Two of the 3 standardized field sobriety tests that U.S. law enforcement uses at roadside checks have a postural equilibrium component to them. Those tests have been validated to detect impairment caused by blood alcohol concentrations (BACs) of 0.08 g/dL or above. Many medical and traffic safety associations support a lower limit, and one state, Utah, has passed a law to lower the limit to 0.05 g/dL. Many studies have examined the effects of alcohol on postural control (of which postural equilibrium is a component), with a consensus emerging that impairment is usually found at BACs greater than 0.06 g/dL. Most of these studies, however, had a relatively small number of subjects, usually between 10 and 30. The current study collected data from a much larger sample. The objective of this study was to provide additional evidence that posture control is negatively affected at BACs greater than 0.06 g/dL or breath alcohol concentrations (BrACs) of 0.06 g/210 L. This was a between-subjects study, with BrAC group as the independent variable (5 levels: 0.00, 0.04, 0.06, 0.08, and 0.10 g/210 L); 4 measures of postural control as the dependent variables; and age, height, and weight as the covariates. Posture control was measured with a force-sensing platform connected to a computer. The feet's center of pressure (CoP) on the platform was recorded and the corresponding movement of the body in the anterior-posterior and lateral planes was derived. Participants (N = 96) were randomly assigned to one of the BrAC groups. Positive BrAC groups were compared to the zero BrAC group. Data were examined with hierarchical multiple regression. Adjusted for age, height, and weight, the main effect of lateral CoP with eyes open was not statistically significant. There was a statistically significant main effect of alcohol on anterior-posterior CoP excursion with eyes open and with eyes closed and lateral CoP excursion with eyes closed. For all 3 of those variables, only BrACs of 0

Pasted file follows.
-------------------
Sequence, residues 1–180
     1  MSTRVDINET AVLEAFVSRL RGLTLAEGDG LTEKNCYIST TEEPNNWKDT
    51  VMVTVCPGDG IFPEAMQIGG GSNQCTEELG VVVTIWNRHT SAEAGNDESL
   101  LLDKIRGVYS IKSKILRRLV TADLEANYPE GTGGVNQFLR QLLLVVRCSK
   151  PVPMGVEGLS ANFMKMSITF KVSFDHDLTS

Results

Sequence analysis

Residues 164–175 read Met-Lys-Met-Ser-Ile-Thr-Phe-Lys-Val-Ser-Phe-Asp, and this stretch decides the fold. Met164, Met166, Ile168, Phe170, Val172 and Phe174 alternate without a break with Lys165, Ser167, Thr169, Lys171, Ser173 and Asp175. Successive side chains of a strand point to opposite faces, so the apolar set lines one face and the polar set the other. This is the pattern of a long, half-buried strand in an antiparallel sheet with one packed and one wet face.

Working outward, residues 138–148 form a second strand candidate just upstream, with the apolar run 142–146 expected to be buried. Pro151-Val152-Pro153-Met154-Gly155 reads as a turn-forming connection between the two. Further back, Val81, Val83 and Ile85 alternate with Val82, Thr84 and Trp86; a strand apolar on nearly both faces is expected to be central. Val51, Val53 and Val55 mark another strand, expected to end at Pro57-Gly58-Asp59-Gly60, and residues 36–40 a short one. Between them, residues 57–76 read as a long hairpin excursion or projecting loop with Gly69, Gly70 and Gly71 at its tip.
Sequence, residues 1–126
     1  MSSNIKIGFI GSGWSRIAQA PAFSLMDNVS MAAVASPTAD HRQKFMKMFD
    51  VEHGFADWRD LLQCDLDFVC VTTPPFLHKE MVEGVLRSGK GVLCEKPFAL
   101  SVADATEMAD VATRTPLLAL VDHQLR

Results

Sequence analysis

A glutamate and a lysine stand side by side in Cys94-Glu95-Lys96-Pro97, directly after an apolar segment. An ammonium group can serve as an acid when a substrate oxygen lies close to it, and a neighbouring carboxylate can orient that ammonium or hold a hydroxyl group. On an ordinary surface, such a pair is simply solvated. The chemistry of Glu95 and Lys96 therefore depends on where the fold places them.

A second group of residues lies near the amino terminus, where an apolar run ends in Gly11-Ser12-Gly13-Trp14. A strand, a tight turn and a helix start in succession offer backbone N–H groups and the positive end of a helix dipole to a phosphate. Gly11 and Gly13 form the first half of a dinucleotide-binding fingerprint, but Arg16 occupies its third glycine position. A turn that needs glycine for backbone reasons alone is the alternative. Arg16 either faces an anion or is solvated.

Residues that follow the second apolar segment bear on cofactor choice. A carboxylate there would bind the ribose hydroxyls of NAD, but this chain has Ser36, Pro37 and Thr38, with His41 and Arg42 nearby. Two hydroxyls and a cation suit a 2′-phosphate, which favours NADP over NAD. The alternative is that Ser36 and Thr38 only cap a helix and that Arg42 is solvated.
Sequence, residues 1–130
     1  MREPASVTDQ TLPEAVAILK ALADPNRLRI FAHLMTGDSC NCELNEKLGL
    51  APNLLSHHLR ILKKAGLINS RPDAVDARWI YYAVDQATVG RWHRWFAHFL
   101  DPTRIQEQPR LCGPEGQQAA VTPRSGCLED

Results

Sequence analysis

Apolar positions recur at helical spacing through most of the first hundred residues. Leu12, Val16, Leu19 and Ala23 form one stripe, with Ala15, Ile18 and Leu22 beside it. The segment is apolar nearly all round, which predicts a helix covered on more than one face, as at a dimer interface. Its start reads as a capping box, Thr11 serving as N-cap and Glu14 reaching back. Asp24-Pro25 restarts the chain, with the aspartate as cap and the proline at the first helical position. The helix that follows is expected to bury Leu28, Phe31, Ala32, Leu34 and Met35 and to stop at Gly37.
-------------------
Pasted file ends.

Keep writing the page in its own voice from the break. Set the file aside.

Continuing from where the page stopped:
14. Can audio coached 4D CT emulate free breathing during the treatment course?

    International Nuclear Information System (INIS)

    Persson, Gitte F.; Nygaard, Ditte E.; Olsen, Mikael; Juhler-Noettrup, Trine; Pedersen, Anders N.; Specht, Lena; Korreman, Stine S.

    2008-01-01